Alexis Ternoy
Alexis Ternoy 18 January 2016

Cutting The Cord 2.0: The WiFi Phone Revolution

It is now entirely possible to operate your smartphone on WiFi networks and not see huge losses in quality of service.

Cutting the cord feels great- we can finally stick it to those cable companies who have been charging absurd prices for worthless TV for decades now.

Now there’s another cord to cut, and you could stand to save just as much money, if not more.  It’s the cord to your cell phone company with it’s similarly outrageous pricing, lock-you-in contracts, and tricky pricing schemes.

Cutting the Cord- Phase Two

It is now entirely possible to operate your smartphone on WiFi networks and not see huge losses in quality of service.  Granted, people in remote areas may have to wait a little longer for their WiFi Revolution, but it’s coming.

How is this possible?  You’re probably aware of “WiFi” signs popping up in businesses…first in cafes and then in other retail locations like The Underground and McDonald’s.  In the US, Nordstrom, representing the supreme apotheosis of customer service in the retail industry, has had free WiFi in their stores since 2010. In comparison John Lewis enable free wifi for their customer in 2011.

While thats is great for shopping or sipping lattes, it hardly fulfills our wireless needs, see my article about The Laptop is The New Factory.  Now there is also a raging network of WiFi hotspots operated by cable companies.

Cable companies are leading the way with cord-cutting!

Yes, that is an ironic twist: the cable companies we have been so desperate to cut loose from in the “Cutting the Cord” revolution are the very ones making the WiFi Phone Revolution possible.  Partly, anyway.

Both TimeWarnerCable and Comcast now have very extensive WiFi hotspot networks which make it possible to be WiFi-only on your smartphone…seamlessly in many areas.

Industry analysts thought it would never happen.  But what they might not have foreseen was the crushing effect of the original cord-cutting revolution on cable companies.  They are losing cable TV subscribers left and right and have been since 2011.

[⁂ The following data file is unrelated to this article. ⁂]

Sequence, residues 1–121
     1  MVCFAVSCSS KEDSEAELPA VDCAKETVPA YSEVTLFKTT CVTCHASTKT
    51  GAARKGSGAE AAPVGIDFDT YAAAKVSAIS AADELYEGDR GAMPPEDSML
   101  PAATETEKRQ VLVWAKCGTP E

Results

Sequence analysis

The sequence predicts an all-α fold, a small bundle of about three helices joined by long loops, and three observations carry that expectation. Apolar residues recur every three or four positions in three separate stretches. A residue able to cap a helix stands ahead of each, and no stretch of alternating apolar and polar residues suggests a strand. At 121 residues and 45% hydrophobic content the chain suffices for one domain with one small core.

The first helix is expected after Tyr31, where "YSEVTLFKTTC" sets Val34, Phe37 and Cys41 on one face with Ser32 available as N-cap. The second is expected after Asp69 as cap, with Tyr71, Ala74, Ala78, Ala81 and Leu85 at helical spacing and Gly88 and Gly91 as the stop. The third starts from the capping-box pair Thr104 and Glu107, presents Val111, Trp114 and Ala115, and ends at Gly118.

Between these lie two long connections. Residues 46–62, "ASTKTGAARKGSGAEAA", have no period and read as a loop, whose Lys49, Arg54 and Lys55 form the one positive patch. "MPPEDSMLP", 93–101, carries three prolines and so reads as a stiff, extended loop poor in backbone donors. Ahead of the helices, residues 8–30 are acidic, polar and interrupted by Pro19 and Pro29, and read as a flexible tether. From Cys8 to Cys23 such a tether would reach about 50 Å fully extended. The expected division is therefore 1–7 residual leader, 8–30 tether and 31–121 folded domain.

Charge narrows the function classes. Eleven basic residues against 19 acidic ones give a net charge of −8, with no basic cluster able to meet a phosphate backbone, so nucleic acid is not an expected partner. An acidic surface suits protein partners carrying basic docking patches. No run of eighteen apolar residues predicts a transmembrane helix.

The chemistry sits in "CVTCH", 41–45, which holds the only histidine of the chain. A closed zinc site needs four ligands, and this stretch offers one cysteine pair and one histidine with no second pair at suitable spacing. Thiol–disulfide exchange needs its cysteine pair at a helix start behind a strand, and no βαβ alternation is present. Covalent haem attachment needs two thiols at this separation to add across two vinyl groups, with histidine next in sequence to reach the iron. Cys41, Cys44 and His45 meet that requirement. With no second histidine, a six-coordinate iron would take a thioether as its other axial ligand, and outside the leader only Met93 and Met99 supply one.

Losing 1 to 2 million customers a year turned out to be just the thing to spur some creative outside-the-box thinking at Comcast and TimeWarner.  They now offer a growing network of free wifi hotspots blanketing the United States, allowing for a WiFi-only existence at least part of the time for their customers. O2 and British Telecom follow the path in the United Kingdom!

We are looking at total disruption in the cellphone industry

Cell phone companies are now the ones who stand to lose.  After decades of investing in cell phone towers, they are now facing a bleak future, if they dare to look far enough ahead.

Not that many people feel sorry for them.  They have been sticking it to us for years, although perhaps it “is” very expensive to maintain all those cell phone towers allowing for even the remotest of areas to have coverage.

Many are already there

For many of the more tech-courageous, this is old news.  Republic Wireless has been offering a hybrid cell tower/WiFi phone service since 2011.

They even had a daring $5/month plan (WiFi only) for extreme urbanites who rarely if ever left their cozy network of WiFi hotspots.

Plans used to be about $20 per month.  Now they start at $25 per month.  Even Republic’s most expensive plan, the Large Plan, is cheap by comparison: $55.

Cell phone companies are finally, reluctantly, getting on board with this

O2 now offers a WiFi phone hotspot network for its residential internet customers.  But if they didn’t already have an internet division in place, they would be in panic mode by now.

T-Mobile was the first carrier to support Wi-Fi calling.  AT&T has been the last and it’s still not amazingly clear if they offer it or not yet.  It was on the slate for 2015, though.

What could be the delay?  WiFi calling requires a seamless handoff for when you are talking and suddenly lose WiFi capability…the phone should hand you off to a cell phone tower.  The technology is called Voice Over LTE (VoLTE) and before cell phone carriers can offer WiFi calling, they need to get that in place first.

Cut the cord: there’s nothing to be afraid of

Going WiFi isn’t the risk you might think it is.  You always have the safety net of cell towers if you should be in a WiFi dead zone.  Progressive companies like Republic Wireless will even credit you for using WiFi whenever possible…you get an actual refund on your bill if you don’t use much cell tower juice!

And yes, if the power goes out so does your Wifi.  And don’t even think of making a phone call in the car- we’re just not there yet.

But access points are literally being built daily, so it is going to get even better.  And besides, nobody is saying you have to be 100% WiFi…this revolution is about cutting the cord to your cell phone plan with its contractual obligations and gut-wrenching pricing, not the cord to cell phone towers…at least not yet.

Original Article

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